In previous articles we have addressed numerous ways to find potential clients for Life Resource Planning. When you make an appointment with a potential candidate lead for planning, it is important that you maintain a mindset of helping this candidate identify and solve the various challenges that are being faced in the final years of life. It is important to avoid the trap of falling into a product sale too soon, before the planning process is complete.
Yes, your objective is to sell your products and services eventually. You have to keep reminding yourself that the planning process is important to your potential client. Sure, if all they want is product, then fine, sell it to them. But even then, you should talk them into planning first because most of these people have no clue as to how to approach the various challenges that the aging seniors are facing. Many of them don’t even know that the challenges exist because they haven’t shown up yet.
We speak from experience, not only from face-to-face planning over the years, but each day we receive numerous calls at the National Care Planning Council home office from people all over the country who are making requests for products or services that might not even fit the situation they are facing. We always take the time to ask them details about the reason they are calling and to tell us their "story" before we even attempt to make recommendations. In many cases, what they are asking for is not what they really need.
One of the best ways to talk people into trying your approach is to use stories. You can talk about previous cases without naming names and talk about how these people had no clue as to what they were facing. Typically these were people who were previous clients or who were referrals from other senior service providers. You can relate how the planning uncovered issues that you helped solve. You can relate how you helped them avoid the heartache or conflict or frustration that they could have faced not dealing with those issues. You can also give them specific examples of how the planning actually led to a successful outcome.
Once you have their attention, you can show them the paper survey questionnaire and explain how it will uncover up to 29 different issues that they might face in their later years. This then leads to showing them a sample survey report that contains all 29 issues and you can point out that these 29 issues are grouped into 5 or 6 planning categories. Then you would show them an actual sample survey with perhaps 10 to 15 issues that have been identified. You will explain to them how that sample survey would led to various planning recommendations. By this time, they are either anxious to proceed or they have no interest. Ideally the ratio of those who are interested should far outweigh those who are not.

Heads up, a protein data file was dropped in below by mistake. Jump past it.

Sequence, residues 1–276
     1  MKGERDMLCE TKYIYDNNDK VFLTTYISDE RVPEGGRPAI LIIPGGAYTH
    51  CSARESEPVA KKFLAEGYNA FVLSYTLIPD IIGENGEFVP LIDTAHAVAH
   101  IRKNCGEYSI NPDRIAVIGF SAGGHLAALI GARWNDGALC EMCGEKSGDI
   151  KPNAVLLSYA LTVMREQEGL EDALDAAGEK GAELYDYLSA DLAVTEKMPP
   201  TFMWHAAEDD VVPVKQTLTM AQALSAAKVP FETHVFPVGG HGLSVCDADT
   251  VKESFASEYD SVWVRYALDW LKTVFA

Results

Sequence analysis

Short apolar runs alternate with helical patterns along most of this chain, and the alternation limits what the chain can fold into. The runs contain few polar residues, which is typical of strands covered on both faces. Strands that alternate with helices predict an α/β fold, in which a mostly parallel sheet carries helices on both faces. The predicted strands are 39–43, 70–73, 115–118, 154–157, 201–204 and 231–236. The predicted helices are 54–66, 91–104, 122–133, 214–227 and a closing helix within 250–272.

As part of the explanation, you will also indicate that you work with a network of other senior care advisers and providers and iterate the particular specialties of these practitioners. You can emphasize that because you work together as a group, you represent a one-stop shopping service for all of the solutions that your potential planning candidates will require. This particular argument has a strong appeal since very few people in the community are using this approach to help aging seniors.
Once you have done the planning, you now have an opportunity to work with the family members who contacted you in the first place. Remember, that you are almost always working with the children or younger healthier members of the family who are dealing with the issues of their aging loved ones. The planning process should have convinced this younger generation that you can help them as well. At this point, you will show them the Retirement Survey Planning approach to help them with their own issues in retirement. For the most part, many of them will agree to this additional opportunity to identify solutions for issues in their later life.